Texas has been ordered to “do a redraw” of Congressional Districts by three Federal Judges who say that the present lines are intentionally discriminatory against Hispanic voters. The verdict, which will likely be contested in the Supreme Court, refers specifically to Republicans redrawing lines through majority Hispanic areas (usually Democrat) to “dilute” the vote with more historically republican areas.
The Judges said on Tuesday that “congressional districts held by Reps. Blake Farenthold (R) and Lloyd Doggett (D) were drawn with the intent to diminish the political power of minority voters.” Republican Rep. Blake Farenthold’s district (which he won in 2010 from the Democrats) was known as a more “left-leaning” district. Legislators have been accused of using race as a determining factor in redrawing the Congressional boundaries. The unanimous verdict declares that these actions “intentionally” deprive Hispanic voters from electing a candidate of their choice.
Texas Democrats are calling this a big win. Matt Angle, head of Democrat PAC, the Lone Star Project. He said “The court’s decision makes clear that intentional discrimination has become business as usual for Texas Republicans,” and that “they equate retaining leadership with discrimination and vote suppression.”
Critics of the verdict are accusing the Lone Star Project of doing precisely what they have accused the Republicans of doing. They suggest that the LSP exists NOT to promote enfranchisement, but to secure minority votes in the assumption that Hispanics tend to vote Democrat. The accusations include charges of “race-based and Identitarian politics” and stereotyping Hispanic voters.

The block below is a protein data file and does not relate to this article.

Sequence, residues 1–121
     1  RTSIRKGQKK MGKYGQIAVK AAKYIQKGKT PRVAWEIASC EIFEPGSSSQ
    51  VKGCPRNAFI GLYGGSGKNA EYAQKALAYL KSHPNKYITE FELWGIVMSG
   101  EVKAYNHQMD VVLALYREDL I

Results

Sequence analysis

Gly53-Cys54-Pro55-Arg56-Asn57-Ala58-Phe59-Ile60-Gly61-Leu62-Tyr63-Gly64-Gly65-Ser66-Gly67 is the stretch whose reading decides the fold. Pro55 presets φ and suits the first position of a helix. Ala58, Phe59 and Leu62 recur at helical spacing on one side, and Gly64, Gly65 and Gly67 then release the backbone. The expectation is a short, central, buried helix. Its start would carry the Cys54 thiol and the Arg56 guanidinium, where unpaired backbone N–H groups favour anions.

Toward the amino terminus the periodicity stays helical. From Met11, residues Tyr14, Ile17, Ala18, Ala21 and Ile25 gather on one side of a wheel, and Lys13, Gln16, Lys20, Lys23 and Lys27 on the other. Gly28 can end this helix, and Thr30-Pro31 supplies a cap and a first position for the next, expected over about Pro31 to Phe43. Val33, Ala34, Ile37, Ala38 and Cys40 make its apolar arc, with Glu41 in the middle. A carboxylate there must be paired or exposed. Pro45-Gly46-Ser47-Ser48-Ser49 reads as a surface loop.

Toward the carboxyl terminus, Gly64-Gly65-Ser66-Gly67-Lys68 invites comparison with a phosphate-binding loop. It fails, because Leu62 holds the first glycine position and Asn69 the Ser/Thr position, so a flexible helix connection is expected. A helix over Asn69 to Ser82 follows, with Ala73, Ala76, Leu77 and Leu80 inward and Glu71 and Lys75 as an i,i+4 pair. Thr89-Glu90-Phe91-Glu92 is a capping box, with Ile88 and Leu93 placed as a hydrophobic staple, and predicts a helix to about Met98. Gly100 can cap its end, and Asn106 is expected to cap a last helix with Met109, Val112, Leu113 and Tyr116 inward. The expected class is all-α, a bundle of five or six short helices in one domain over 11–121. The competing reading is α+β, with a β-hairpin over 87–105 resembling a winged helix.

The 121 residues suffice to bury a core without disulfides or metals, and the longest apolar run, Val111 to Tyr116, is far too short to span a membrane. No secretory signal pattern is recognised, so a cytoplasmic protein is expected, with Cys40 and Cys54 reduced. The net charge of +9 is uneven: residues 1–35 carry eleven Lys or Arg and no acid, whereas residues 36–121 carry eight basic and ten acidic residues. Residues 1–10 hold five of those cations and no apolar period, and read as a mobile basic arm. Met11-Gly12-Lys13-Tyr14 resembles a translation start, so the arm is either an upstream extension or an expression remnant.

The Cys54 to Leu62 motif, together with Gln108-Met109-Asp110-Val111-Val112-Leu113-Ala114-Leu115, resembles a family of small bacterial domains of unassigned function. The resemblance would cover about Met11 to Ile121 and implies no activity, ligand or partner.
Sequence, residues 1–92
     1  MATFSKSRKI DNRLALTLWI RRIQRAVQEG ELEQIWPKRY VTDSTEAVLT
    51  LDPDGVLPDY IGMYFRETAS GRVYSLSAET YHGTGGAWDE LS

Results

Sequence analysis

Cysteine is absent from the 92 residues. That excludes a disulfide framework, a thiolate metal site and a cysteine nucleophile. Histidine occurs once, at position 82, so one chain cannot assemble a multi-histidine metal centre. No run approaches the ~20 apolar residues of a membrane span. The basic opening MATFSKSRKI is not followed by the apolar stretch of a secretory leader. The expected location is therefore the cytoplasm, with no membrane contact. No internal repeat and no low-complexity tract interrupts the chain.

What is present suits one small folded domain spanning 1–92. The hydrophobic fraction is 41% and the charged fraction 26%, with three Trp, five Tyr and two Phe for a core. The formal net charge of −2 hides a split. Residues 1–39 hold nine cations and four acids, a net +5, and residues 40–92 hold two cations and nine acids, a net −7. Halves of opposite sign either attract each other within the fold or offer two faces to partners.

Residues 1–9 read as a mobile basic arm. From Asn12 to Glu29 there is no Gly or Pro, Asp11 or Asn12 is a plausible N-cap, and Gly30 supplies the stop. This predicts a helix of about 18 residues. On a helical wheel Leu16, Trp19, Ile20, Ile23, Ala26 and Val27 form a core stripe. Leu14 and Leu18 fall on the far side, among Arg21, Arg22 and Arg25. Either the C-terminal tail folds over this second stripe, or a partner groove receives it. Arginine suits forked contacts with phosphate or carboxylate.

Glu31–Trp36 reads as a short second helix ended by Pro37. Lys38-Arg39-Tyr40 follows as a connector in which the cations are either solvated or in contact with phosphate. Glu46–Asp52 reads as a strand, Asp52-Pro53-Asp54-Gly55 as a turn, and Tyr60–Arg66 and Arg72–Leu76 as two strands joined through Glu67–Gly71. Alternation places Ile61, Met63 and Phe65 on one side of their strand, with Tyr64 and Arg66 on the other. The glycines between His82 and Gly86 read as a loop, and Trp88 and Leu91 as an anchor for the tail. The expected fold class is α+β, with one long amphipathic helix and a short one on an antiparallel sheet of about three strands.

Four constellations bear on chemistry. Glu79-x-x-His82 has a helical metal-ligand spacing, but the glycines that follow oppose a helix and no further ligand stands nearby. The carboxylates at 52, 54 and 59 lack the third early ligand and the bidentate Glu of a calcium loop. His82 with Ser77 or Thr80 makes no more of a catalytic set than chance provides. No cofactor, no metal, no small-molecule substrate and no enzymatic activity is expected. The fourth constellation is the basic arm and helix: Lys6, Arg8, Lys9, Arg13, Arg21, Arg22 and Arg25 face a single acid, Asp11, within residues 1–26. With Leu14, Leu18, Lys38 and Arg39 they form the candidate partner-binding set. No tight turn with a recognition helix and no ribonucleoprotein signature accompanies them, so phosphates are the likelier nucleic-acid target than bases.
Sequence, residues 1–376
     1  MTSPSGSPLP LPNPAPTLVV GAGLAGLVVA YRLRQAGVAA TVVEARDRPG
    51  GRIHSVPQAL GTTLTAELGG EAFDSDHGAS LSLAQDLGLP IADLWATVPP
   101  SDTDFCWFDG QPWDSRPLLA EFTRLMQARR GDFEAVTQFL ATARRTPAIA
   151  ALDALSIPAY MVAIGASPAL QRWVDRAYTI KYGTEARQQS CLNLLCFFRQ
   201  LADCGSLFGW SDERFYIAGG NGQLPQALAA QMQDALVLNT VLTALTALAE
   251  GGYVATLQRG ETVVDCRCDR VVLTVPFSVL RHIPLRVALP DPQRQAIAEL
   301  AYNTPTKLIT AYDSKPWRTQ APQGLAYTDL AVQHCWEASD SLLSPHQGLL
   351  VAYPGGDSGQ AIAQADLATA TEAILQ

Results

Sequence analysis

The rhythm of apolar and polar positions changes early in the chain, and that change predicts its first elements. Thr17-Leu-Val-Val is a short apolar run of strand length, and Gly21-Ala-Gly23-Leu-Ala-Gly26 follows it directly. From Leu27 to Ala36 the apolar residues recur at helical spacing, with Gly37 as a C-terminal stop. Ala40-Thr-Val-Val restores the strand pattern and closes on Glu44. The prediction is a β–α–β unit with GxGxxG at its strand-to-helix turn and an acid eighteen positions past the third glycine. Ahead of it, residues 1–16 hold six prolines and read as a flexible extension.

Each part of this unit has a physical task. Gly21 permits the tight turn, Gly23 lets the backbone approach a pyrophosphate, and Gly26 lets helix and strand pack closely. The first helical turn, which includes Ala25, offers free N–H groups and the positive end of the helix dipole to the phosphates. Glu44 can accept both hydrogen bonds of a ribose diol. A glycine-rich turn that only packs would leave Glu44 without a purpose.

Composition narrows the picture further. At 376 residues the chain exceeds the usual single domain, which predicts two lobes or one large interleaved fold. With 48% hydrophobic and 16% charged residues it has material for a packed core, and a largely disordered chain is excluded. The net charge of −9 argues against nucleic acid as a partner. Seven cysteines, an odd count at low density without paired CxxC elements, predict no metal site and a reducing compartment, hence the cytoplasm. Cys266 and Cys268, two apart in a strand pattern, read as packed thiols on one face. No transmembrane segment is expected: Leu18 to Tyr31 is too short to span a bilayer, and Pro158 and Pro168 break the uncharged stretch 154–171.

This ruling means that two of Texas’ 36 Congressional District boundaries will have to be redrawn in the run-up to the key 2018 elections. The 107 page ruling is the result of six years of legal challenges that will likely not stop at this Judicial level. Advocates of the redrawing will try to use this ruling regarding Congressional Districts as a platform to move forward on redrawing State House maps as well.
As reported in the Texas Tribune:
“Before Tuesday’s decision, the judges had already ruled that the Texas Legislature sought to weaken the strength of Latino and black voters while drawing state House and congressional districts in 2011, immediately following the 2010 U.S. Census. But the 2011 maps never actually took effect.”
Boundary redrawing is a contentious issue that is a “second level” of campaign politics; experts suggest that in districts that have a marginal vote, the redrawing of lines can be enough to swing the area without any need for other platform alterations.
Mark is a political writer and journalist who has worked on campaigns for Brexit.